I have always been intrigued by Google’s self-driving car
-- this meant there was a possibility of a blind person like myself being able to travel by their own car to wherever they wanted to go. Or someone who was fully sighted could be doing other activities such as browsing the internet while the car takes them to their destination.
At the same time, I was also skeptical of the idea -- questions like: “What if the car fails to stop and runs into a person while they were crossing the street?” In that case, it meant that a blind person or someone who wasn’t focused on the road wouldn’t be able to safely drive the car if such an occurrence happened.
A recent article
confirmed some of my doubts. These self-driving cars would need a computer far more intelligent than what is currently available. It may take several years before this can be accomplished if ever.
The biggest hurdle for these cars is they can’t function unless the road is mapped. This would mean mapping all four million miles of the public roads here in the U.S., plus all driveways and off-road trails that anyone would want to take. You would think that with all that Google has accomplished with their mapping technologies that they would be able to do this efficiently. Unfortunately, it doesn’t seem to be all that simple.
When Google maps a road for their self-driving car, they first have a vehicle fitted with a bank of sensors drive repeatedly over the roadway to be mapped, recording all fixed objects such as streetlights and stop signs along with lane markings and crosswalks. After which, the data is downloaded and analyzed extensively by humans and computers to ensure that all real life objects have been mapped. After which, the map is then loaded into the car’s memory before a journey. With the map in the car’s memory, the car which uses a generic PC running Ubuntu Linux, can spend more of its resources to tracking moving objects, like other cars.
Currently, Google has a few thousand miles of roads mapped for their car, the majority of which are around the corporate headquarters in Mountain View, California. Google has claimed repeatedly that their car has driven safely over 700 thousand miles, but it is over the same few thousand miles of mapped roads.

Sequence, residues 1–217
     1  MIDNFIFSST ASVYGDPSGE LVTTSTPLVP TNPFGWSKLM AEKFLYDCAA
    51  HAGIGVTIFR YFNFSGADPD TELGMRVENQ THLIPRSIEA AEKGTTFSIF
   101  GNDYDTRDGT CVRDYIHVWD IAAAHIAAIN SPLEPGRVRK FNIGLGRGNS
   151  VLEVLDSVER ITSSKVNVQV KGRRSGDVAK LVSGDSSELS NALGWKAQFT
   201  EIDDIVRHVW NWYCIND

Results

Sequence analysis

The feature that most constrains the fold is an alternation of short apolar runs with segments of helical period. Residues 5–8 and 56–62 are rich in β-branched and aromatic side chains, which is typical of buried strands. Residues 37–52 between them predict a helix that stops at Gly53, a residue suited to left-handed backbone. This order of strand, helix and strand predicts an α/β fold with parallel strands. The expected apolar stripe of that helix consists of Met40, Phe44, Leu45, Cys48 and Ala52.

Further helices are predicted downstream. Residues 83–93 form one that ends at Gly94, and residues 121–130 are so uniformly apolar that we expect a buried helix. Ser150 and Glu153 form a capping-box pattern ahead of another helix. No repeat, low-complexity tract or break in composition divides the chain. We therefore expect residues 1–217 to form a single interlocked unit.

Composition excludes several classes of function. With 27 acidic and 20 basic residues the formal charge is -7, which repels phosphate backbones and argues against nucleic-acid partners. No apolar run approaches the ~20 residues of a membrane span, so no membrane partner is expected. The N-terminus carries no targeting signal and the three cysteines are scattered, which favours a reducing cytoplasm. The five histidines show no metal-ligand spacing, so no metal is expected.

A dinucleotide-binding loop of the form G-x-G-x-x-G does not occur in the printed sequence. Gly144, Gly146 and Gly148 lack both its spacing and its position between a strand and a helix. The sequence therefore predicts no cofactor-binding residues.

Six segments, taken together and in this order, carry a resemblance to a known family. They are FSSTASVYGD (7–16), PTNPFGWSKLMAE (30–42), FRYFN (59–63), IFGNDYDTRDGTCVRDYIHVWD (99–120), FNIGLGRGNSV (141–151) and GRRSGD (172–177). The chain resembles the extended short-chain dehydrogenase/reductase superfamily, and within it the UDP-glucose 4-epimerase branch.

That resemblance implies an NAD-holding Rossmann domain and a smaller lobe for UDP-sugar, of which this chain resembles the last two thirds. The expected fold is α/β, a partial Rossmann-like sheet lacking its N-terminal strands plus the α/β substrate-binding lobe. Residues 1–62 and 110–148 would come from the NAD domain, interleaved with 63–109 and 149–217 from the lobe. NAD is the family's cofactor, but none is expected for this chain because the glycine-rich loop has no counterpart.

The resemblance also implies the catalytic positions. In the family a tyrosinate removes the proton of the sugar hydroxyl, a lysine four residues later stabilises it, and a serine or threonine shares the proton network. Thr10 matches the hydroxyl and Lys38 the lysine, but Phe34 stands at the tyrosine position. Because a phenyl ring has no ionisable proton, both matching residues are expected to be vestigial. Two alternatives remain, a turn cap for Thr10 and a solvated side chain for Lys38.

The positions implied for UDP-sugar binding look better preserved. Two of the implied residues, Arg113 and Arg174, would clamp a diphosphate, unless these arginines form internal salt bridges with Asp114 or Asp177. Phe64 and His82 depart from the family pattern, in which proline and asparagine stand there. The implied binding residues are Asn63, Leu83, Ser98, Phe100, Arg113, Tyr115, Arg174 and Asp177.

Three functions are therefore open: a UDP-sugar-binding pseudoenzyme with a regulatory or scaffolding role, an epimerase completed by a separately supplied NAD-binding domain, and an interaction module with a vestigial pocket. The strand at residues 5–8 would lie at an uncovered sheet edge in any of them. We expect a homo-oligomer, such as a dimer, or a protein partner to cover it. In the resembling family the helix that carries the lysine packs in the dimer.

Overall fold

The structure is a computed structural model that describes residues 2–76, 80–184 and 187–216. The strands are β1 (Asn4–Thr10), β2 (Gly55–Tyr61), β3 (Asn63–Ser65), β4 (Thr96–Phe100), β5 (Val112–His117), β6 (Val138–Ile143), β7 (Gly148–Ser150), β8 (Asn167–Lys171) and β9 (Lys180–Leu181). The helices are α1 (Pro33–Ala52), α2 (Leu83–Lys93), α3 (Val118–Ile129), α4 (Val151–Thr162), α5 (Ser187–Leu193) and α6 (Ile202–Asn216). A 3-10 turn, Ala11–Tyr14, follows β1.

Once Google had its massive database of maps in place. The challenge would be to keep them current. A scenario where they would need to be updated is if a traffic light was to be installed or there was significant construction. Usually, there’s sufficient time to build a traffic light. However, sometimes a construction company may put up a portable traffic light. In that case, there isn’t sufficient time to update the database.
Another issue with the car is it can’t tell the difference between a rock and a piece of crumpled up newspaper in the road and will try to go around both of them. Not only that, it can’t tell what color the traffic light is if the camera is blinded by the sun.
For now, it looks like Google’s self-driving car may not be an actual reality anytime soon. It seems like that we may have reached the limits of technology since the car can’t perform some of the functions that you would normally do while driving. The idea of a self-driving car is still that of science fiction. All we can do is keep dreaming.
Photos via: Google -- Volvo